Obama wasn’t only re-elected, he became the first president in more than five decades to win at least 51 percent of the vote twice, which not even Ronald Reagan achieved in the 1980s. Democrats in November expanded their majority by two votes in the Senate and, while Republicans maintained a majority in the House, Democratic House candidates nationwide won 1 million more votes than Republican contenders.
The tax deal signed on Jan. 2 by Obama, which raised rates on annual income above $450,000 for couples, produced a split in the House Republican leadership. Boehner and Budget Committee Chairman Paul Ryan of Wisconsin voted for the bill. Majority Leader Eric Cantor of Virginia and Whip Kevin McCarthy of California, the party’s No. 2 and 3 leaders in the chamber, voted against it.
Lining up against the Republican leadership is an emboldened president, who appeared before the television cameras at the White House Jan. 1 to draw a line against accepting any conditions for an increase in the debt limit.
“I will not have another debate with this Congress over whether or not they should pay the bills that they’ve already racked up through the laws that they passed,” Obama said. “We can’t not pay bills that we’ve already incurred.”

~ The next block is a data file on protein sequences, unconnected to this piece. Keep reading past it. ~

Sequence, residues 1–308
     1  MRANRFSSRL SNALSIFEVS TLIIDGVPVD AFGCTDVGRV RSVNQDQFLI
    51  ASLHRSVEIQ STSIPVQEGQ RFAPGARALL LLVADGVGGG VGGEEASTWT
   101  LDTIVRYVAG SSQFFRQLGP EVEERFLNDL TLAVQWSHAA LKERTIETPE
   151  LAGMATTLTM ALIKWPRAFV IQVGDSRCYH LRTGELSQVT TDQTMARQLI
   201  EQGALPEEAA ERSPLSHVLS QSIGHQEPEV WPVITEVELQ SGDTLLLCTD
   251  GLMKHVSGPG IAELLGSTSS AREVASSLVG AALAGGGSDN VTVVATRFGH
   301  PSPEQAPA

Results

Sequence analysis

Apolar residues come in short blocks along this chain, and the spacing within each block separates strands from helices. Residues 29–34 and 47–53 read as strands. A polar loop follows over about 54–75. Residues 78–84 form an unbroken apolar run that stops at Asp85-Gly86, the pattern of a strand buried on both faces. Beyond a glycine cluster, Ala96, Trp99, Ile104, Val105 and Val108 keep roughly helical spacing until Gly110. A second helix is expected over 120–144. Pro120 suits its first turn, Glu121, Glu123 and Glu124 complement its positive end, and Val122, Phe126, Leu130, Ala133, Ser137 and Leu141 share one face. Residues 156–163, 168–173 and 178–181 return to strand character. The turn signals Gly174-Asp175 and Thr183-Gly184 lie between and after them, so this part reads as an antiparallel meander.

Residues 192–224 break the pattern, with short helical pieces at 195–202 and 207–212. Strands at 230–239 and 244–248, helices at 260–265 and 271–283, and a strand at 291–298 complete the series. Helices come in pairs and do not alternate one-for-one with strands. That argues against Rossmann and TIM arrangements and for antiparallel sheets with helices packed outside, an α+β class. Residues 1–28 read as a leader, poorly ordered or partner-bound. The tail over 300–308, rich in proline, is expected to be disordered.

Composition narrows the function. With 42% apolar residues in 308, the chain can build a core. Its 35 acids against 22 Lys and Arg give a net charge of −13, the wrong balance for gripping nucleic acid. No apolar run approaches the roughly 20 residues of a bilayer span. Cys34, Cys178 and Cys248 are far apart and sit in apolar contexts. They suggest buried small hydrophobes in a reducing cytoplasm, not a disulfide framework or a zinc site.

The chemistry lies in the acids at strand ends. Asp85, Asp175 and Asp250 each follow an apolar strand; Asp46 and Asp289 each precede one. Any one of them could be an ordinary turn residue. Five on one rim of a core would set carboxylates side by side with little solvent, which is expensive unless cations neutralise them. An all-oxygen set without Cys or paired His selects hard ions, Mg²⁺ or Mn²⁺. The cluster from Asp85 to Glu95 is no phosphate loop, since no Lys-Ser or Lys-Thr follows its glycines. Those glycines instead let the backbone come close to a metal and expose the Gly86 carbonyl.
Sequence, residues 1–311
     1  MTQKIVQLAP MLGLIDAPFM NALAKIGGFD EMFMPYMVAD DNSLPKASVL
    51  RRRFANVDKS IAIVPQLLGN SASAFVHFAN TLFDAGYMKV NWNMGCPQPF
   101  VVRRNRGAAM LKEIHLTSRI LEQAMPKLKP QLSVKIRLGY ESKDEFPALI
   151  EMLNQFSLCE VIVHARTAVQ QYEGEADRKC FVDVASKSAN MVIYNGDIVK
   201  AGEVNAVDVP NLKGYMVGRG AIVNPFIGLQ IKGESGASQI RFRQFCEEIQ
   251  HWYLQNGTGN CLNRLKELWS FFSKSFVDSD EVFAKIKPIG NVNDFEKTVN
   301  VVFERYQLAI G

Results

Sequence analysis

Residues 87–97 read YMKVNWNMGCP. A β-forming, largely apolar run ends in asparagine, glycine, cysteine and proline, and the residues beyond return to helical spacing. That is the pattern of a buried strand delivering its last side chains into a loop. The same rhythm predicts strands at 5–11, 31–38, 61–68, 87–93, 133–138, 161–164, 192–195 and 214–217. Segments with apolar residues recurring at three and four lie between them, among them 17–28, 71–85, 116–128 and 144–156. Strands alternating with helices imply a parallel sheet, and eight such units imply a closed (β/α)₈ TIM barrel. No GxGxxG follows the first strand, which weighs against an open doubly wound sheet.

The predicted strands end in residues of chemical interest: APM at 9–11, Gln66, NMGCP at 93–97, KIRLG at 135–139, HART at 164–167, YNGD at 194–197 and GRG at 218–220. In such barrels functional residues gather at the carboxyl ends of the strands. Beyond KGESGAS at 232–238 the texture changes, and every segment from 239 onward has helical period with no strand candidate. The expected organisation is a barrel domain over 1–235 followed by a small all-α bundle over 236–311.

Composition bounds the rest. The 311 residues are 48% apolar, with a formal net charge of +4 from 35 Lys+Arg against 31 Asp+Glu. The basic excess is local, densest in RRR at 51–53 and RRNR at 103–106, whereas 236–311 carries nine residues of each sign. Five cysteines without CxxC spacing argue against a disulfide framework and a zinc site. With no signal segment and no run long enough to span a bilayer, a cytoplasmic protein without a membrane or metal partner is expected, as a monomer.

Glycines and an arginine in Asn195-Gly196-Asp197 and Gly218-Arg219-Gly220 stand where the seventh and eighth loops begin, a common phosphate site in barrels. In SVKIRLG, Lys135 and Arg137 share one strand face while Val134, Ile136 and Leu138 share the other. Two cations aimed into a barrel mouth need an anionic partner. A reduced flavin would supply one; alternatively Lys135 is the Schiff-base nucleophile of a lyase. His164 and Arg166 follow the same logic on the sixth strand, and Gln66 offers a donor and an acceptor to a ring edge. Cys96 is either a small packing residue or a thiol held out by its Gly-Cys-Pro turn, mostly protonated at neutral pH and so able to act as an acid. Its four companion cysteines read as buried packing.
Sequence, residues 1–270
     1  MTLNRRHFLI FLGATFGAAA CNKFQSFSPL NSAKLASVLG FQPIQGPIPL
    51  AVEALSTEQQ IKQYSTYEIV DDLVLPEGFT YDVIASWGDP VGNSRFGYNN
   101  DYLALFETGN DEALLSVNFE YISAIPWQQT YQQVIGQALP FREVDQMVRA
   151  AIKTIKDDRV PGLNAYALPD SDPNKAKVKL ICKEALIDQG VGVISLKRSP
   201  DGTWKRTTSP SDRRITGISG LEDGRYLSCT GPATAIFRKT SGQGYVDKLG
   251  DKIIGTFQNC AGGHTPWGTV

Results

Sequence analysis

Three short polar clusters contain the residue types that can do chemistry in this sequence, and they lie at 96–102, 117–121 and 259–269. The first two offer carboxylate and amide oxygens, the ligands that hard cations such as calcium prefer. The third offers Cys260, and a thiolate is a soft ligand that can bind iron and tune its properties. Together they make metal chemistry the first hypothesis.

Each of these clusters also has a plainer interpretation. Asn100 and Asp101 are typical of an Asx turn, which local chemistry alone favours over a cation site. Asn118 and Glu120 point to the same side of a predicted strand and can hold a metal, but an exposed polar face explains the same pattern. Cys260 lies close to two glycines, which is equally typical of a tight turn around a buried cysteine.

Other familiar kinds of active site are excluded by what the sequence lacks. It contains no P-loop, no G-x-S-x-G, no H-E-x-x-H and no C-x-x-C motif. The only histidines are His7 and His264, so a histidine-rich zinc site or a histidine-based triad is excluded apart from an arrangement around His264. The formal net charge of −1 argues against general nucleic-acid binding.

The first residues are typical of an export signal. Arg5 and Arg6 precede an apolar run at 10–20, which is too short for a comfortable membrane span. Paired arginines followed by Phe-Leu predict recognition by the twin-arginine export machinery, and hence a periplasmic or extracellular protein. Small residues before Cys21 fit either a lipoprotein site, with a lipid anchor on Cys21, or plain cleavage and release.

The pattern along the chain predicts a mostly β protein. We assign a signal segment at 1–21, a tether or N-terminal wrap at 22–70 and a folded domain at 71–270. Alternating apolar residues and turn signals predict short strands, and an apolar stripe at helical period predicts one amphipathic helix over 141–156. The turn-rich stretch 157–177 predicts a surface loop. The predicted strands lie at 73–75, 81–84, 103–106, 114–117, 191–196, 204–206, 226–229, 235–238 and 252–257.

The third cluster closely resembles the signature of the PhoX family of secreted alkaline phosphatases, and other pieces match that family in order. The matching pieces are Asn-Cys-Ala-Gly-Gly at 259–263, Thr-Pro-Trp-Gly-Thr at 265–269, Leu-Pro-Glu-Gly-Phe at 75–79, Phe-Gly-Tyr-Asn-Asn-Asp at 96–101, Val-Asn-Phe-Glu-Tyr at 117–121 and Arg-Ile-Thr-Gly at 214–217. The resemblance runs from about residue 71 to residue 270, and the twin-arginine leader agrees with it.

That sparked anger among some House Republicans.
“If the president thinks that he’s not going to negotiate, he’d better think again,” said Oklahoma Rep. Tom Cole, according to NBC News. “He’s president of the United States. He’s not emperor of the planet.”
Sen. Michael Bennet, D-Color., said he’s worried about the possibility of a debt default because of a standoff between congressional Republicans and the White House.
“We were downgraded because of concern of the political risk that the two parties couldn’t work together,” Bennet said in an interview with Bloomberg Television’s Peter Cook for the program “Capitol Gains” airing Jan. 6. “There still isn’t evidence that we can do that.”